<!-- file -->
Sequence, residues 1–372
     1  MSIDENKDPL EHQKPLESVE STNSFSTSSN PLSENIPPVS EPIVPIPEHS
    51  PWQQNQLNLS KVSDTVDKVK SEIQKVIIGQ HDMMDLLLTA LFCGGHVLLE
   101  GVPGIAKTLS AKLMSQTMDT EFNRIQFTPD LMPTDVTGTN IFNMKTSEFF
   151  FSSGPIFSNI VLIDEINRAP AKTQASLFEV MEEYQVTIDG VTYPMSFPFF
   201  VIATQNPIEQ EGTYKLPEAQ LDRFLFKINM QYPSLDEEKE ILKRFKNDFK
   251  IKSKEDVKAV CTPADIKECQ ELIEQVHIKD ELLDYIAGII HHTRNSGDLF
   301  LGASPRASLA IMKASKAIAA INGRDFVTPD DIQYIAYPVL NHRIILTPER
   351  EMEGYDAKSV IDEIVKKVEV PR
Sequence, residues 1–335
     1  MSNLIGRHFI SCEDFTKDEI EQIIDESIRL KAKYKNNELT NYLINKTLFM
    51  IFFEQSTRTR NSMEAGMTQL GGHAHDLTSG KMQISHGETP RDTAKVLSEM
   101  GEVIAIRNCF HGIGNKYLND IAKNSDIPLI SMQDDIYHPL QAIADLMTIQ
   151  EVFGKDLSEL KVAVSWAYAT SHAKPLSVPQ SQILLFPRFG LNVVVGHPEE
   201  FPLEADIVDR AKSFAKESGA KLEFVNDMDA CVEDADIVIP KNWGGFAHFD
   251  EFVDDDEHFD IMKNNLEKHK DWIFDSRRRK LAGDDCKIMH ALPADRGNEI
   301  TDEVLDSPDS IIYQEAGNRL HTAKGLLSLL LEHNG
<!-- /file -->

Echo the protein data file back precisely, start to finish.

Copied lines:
Sequence, residues 1–372
     1  MSIDENKDPL EHQKPLESVE STNSFSTSSN PLSENIPPVS EPIVPIPEHS
    51  PWQQNQLNLS KVSDTVDKVK SEIQKVIIGQ HDMMDLLLTA LFCGGHVLLE
   101  GVPGIAKTLS AKLMSQTMDT EFNRIQFTPD LMPTDVTGTN IFNMKTSEFF
   151  FSSGPIFSNI VLIDEINRAP AKTQASLFEV MEEYQVTIDG VTYPMSFPFF
   201  VIATQNPIEQ EGTYKLPEAQ LDRFLFKINM QYPSLDEEKE ILKRFKNDFK
   251  IKSKEDVKAV CTPADIKECQ ELIEQVHIKD ELLDYIAGII HHTRNSGDLF
   301  LGASPRASLA IMKASKAIAA INGRDFVTPD DIQYIAYPVL NHRIILTPER
   351  EMEGYDAKSV IDEIVKKVEV PR
Sequence, residues 1–335
     1  MSNLIGRHFI SCEDFTKDEI EQIIDESIRL KAKYKNNELT NYLINKTLFM
    51  IFFEQSTRTR NSMEAGMTQL GGHAHDLTSG KMQISHGETP RDTAKVLSEM
   101  GEVIAIRNCF HGIGNKYLND IAKNSDIPLI SMQDDIYHPL QAIADLMTIQ
   151  EVFGKDLSEL KVAVSWAYAT SHAKPLSVPQ SQILLFPRFG LNVVVGHPEE
   201  FPLEADIVDR AKSFAKESGA KLEFVNDMDA CVEDADIVIP KNWGGFAHFD
   251  EFVDDDEHFD IMKNNLEKHK DWIFDSRRRK LAGDDCKIMH ALPADRGNEI
   301  TDEVLDSPDS IIYQEAGNRL HTAKGLLSLL LEHNG